What’s the best hay rake for your operation?

A hay rake’s a hay rake, right? Wrong. There are many types of hay rakes available, each with unique features and functions to match a range of environmental and crop conditions. So which one is right for your operation?

Just because they’re not the most high-tech equipment in the lineup doesn’t mean they’re not essential to producing high-quality forage. In fact, even the best baler in the world won’t be able to do its job without being paired with the right rake, according to Vermeer territory sales manager for Nebraska and central and southern Wyoming, Dylan Tiemeyer.

“It’s a common misconception with some producers that the baler makes the bale — that you can have the cheapest and oldest rake you can get at any auction. A lot of people don’t understand that your bale appearance starts with the rake,” he said. “But if you’re not producing a good, square windrow with your rake, you’re not setting up your baler for success.”

Sizes of hay rakes to consider for your operation

Though budget is the main factor in many hay rake-buying decisions, it’s important to consider a few key variables to ensure you’re buying and operating the right equipment. Tiemeyer recommends thinking about overall rake size and the following as you start to consider if the twin (bar/basket) rake, carted wheel rake, high-capacity wheel rake or rotary rake is right for your operation:

  • Operation size/acreage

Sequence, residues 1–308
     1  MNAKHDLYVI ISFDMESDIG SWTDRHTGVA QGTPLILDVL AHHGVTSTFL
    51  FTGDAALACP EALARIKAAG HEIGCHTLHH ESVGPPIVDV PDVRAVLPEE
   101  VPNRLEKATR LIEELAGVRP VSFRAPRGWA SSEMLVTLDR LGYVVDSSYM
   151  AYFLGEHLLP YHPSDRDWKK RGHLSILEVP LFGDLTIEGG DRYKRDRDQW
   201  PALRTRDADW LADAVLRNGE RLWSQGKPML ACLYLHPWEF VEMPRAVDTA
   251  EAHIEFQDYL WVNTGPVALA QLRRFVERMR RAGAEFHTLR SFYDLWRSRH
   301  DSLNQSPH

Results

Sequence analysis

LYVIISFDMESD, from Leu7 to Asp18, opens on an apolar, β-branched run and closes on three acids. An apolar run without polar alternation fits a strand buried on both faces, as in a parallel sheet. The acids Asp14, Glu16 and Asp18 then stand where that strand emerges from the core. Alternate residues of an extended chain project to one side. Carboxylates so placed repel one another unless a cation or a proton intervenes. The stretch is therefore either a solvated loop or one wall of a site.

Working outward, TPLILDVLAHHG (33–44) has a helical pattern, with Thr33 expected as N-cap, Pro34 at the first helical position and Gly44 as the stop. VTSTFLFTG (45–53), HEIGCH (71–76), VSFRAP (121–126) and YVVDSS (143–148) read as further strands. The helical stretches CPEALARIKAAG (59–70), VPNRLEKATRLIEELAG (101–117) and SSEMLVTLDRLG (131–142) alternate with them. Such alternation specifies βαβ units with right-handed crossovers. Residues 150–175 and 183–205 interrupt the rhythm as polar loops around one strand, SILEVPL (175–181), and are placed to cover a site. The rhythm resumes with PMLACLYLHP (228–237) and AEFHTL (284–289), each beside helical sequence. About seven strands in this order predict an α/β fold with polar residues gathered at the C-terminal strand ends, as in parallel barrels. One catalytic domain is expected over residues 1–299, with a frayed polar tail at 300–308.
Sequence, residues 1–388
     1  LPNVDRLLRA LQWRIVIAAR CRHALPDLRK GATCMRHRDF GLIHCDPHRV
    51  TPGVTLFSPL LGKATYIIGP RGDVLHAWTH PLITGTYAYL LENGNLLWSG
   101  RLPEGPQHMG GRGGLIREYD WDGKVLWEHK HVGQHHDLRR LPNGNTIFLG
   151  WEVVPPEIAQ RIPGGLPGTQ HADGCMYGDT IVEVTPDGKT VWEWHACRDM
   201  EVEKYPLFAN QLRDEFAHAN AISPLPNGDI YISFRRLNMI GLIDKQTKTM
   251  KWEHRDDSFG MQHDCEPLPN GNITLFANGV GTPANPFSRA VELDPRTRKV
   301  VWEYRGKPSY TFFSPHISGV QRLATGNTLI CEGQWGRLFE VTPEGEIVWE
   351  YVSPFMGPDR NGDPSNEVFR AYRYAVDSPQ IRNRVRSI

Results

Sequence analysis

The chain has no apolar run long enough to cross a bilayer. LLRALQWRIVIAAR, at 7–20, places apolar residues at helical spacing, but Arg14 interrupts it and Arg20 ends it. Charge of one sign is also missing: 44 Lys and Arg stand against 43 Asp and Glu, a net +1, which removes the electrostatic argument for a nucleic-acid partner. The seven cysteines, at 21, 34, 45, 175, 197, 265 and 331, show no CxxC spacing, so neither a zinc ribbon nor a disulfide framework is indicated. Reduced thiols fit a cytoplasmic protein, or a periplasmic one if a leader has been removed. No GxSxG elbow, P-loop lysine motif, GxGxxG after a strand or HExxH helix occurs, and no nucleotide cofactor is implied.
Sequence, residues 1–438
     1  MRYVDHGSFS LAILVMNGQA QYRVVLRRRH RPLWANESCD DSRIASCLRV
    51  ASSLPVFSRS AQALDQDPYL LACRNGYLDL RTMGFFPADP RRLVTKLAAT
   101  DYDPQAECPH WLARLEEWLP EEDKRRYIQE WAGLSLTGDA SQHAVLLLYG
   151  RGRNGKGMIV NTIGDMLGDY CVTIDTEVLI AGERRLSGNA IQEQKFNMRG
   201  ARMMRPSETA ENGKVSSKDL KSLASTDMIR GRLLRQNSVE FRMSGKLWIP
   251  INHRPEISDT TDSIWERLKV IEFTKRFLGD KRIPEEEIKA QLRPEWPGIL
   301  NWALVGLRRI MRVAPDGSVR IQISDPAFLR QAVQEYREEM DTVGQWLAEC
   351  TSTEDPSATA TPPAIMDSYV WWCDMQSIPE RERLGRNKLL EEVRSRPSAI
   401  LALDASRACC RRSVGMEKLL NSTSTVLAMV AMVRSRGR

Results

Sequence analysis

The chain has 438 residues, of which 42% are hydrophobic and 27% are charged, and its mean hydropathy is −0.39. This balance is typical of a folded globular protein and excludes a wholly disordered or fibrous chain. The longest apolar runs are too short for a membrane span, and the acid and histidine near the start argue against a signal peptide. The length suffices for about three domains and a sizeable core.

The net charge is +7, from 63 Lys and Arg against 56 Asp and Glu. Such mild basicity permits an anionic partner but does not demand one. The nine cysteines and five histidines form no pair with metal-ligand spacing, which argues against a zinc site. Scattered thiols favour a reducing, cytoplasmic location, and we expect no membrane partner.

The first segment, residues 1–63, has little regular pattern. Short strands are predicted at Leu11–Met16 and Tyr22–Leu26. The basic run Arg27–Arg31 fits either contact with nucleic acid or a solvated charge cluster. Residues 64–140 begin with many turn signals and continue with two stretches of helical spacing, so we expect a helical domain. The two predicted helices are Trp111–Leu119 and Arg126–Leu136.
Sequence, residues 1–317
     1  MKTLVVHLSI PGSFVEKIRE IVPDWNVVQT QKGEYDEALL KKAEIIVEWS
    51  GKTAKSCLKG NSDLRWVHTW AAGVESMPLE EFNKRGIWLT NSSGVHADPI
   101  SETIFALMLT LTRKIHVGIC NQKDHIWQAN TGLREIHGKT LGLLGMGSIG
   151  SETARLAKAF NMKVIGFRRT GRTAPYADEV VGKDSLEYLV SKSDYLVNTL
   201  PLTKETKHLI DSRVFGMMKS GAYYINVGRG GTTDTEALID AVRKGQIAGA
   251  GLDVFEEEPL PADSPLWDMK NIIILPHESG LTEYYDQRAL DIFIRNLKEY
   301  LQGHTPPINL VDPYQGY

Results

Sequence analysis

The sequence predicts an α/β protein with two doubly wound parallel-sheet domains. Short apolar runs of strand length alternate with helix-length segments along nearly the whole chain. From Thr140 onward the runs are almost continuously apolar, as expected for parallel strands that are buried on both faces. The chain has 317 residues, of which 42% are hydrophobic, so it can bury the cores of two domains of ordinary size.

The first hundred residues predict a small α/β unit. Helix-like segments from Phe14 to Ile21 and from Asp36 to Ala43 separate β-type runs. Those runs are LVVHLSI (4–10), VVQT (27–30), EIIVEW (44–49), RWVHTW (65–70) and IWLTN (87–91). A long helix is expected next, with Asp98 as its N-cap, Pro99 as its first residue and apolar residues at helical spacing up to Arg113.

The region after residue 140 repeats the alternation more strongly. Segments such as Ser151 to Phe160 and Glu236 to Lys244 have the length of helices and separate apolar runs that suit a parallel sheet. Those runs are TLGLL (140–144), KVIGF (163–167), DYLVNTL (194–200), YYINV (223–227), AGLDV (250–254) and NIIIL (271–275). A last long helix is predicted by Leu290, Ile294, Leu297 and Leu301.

• Forage crop/types
  • Field sizes, shapes and conditions
  • Tractor and hay tool needs
  • Budget

Types of hay rakes to consider for your operation

Start by matching the above four considerations to the strengths of the four following rake types. Each has features that make them more qualified for one type of operation vs. others.

The Vermeer R2300 and R2800 twin rakes are sometimes referred to as power or hydraulic rakes. They are hydraulically driven and perform well in creating consistent box-shaped windrows, even in heavy, wet forage crops. They also minimize ash content in hay, an important feed performance trait. These low maintenance rakes are known for holding their resale value in the used equipment market.

Often the lowest-cost option for hay producers, Vermeer VR820, VR1022, VR1224, wheel rakes are typically bestsellers because of their popularity among a variety of hay producers. A carted wheel rake is a good balance of capacity, strength and durability. The ground-powered VR1224 can produce an array of windrow widths, can be adjusted for single- or double-sided raking and has features like a center splitter attachment that helps speed up windrow dry-down time when it’s a high priority.

The Vermeer VR1428 and VR2040 high-capacity wheel rakes are capable of raking wide areas in a single pass. wheel rakes. Hydraulic down pressure on the rake wheels and a flexible frame make these rakes strong performers in large fields, even cornstalks, and occasional rough ground conditions. The hydraulic rake wheel suspension system makes the rake convenient to operate and follow contour nicely.